Labour ministers’ enthusiasm for a capital gains tax appears to be waning by the day. Even the PM, Jacinda Ardern, no longer seems to be talking up the need to make the tax system “fairer” by bringing in a comprehensive CGT.
Revenue Minister Stuart Nash went so far as to say this week “there is nothing to consult on”.
Here is what he told Parliament on Thursday:
Nash: When I said I’m not consulting on a capital gains tax, I’m also not consulting on the 19 measures that the Tax Working Group considers would reduce compliance cost to small to medium enterprises.
Gerry Brownlee: Why not”?
NASH: Because—can I say this again—there have been absolutely no decisions made on this, so why would I formally consult when there’s absolutely nothing to consult on?”
Then there is the Minister of Agriculture Damien O’Connor, who told the NZ Herald in an interview published last Saturday he had not read the whole report of the Tax Working Group.
This prompted a tart comment from National MP David Carter in the general debate in Parliament on Wednesday:
“What I found extraordinary is Damien O’Connor’s comment in the NZ Herald that as of this day, he has not read the Tax Working Group’s report to know the effect it’ll have on agriculture. That is just extraordinary, that he can claim to represent NZ farmers and he hasn’t bothered to read the report that advocates for a capital gains tax, advocates for a nitrogen tax, advocates for a water tax, advocates for an emissions tax, and, finally, advocates for a fertiliser tax. What effect will all of those taxes have on NZ agriculture? He doesn’t know, and what’s worse is the Labour Party doesn’t know”.
Carter had another insightful anecdote for Parliament:
“I heard an extraordinary story about a particular stand at the Wānaka show over the last weekend. Mark Patterson, that little-known NZ First member from somewhere down that end of the world—he had a stand, and he put out a sign in front of his stand saying, ‘Come and tell us what NZ First should do about the capital gains tax.’ It had a queue longer than the Ferris wheel’s. There was such a big queue of people in the Wānaka show wanting to tell Mark Patterson what to do with the capital gains tax. Do you know what his response was? He took the sign down and shut up the tent. That’s how embarrassed he was”.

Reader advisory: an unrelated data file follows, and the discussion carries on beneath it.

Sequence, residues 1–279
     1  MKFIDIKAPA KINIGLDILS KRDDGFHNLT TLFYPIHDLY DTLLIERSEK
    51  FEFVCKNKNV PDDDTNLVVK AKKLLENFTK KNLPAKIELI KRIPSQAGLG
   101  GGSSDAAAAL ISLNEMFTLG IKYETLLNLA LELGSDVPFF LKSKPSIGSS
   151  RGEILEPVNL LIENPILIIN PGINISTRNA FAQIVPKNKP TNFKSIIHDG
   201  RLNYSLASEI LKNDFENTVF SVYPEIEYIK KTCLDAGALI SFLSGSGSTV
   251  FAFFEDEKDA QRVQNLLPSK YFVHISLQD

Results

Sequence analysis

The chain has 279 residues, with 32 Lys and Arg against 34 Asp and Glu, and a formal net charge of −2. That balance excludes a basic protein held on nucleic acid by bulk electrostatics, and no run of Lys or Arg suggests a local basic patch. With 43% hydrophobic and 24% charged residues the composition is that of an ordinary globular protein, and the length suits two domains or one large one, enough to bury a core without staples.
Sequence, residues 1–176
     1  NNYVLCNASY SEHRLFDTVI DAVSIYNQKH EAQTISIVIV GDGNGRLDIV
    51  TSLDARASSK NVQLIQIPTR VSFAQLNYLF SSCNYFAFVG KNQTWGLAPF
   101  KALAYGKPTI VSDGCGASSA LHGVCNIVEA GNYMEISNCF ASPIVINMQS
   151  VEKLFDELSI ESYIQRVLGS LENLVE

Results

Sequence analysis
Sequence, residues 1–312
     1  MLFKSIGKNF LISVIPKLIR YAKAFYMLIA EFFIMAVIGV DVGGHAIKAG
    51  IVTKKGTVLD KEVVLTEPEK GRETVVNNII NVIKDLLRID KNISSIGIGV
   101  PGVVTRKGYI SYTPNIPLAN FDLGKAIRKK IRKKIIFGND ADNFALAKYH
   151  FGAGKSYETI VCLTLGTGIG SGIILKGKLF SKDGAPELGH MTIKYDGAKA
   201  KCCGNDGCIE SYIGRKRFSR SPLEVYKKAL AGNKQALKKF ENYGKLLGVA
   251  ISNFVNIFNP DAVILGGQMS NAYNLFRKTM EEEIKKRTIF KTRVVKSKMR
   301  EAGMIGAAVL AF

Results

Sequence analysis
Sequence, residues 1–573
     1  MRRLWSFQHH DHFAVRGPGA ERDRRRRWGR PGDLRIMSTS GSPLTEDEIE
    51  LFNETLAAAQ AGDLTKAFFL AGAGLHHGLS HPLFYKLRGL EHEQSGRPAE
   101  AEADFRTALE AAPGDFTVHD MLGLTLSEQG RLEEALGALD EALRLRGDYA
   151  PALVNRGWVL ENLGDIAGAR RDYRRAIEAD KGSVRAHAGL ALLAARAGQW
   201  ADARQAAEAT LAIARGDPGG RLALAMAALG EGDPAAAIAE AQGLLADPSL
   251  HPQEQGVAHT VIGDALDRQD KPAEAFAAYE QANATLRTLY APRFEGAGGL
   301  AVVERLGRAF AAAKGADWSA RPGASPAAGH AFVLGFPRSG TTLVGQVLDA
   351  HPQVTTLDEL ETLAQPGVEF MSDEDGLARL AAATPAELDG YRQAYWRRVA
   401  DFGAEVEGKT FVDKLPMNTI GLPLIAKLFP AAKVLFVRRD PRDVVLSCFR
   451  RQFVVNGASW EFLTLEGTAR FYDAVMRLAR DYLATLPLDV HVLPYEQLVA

Point of Order thinks there’s a job ahead for Sir Michael Cullen ( who is still being paid $1000 a day for any work he does on the TWG report). He could give each minister a full briefing on his report.
Finance Minister Grant Roberston told Parliament in another question time exchange:
I believe it is appropriate for Sir Michael Cullen, as the chair of the Tax Working Group, to explain the recommendations of that working group while the matter is under consideration by the government. If, as part of those explanations, he is required to correct misrepresentations and lies, that is the role he has”.
And here is another illuminating passage on Sir Michael’s $1000-a-day value:
Amy Adams: “Does it count as explaining the recommendations for Sir Michael Cullen to make statements describing the Opposition, and I quote, as ‘salivating like a bunch of guard Alsatians from the German army in World War II’, and isn’t that simply a political attack being funded from taxpayers’ dollars?
Grant Robertson: Sir Michael Cullen is responsible for the words that he uses. A phrase does come to mind: “If the shoe fits”.
Adams: Why is he so cavalier about paying a former Labour Minister $1,000 a day to undertake clearly political attacks?
Robertson: I am not being cavalier about this. The pay rate that Sir Michael Cullen has is based on the Group 4, Level 1 body rate under the Cabinet fees framework.
Adams: Why is the Minister using taxpayer funds to pay Michael Cullen $1,000 a day to do, and I quote, ‘favours for the government’, as Willie Jackson stated in Parliament yesterday?
Robertson: I don’t believe that’s a fair characterisation of what was a very full and rich speech by Jackson.
Point of Order can’t help wondering if ministers have fully grasped how the CGT issue is now eroding the political impact of the government’s own economic plan.
Perhaps some of them are pinning their hopes on Winston Peters targeting the CGT with his own torpedo.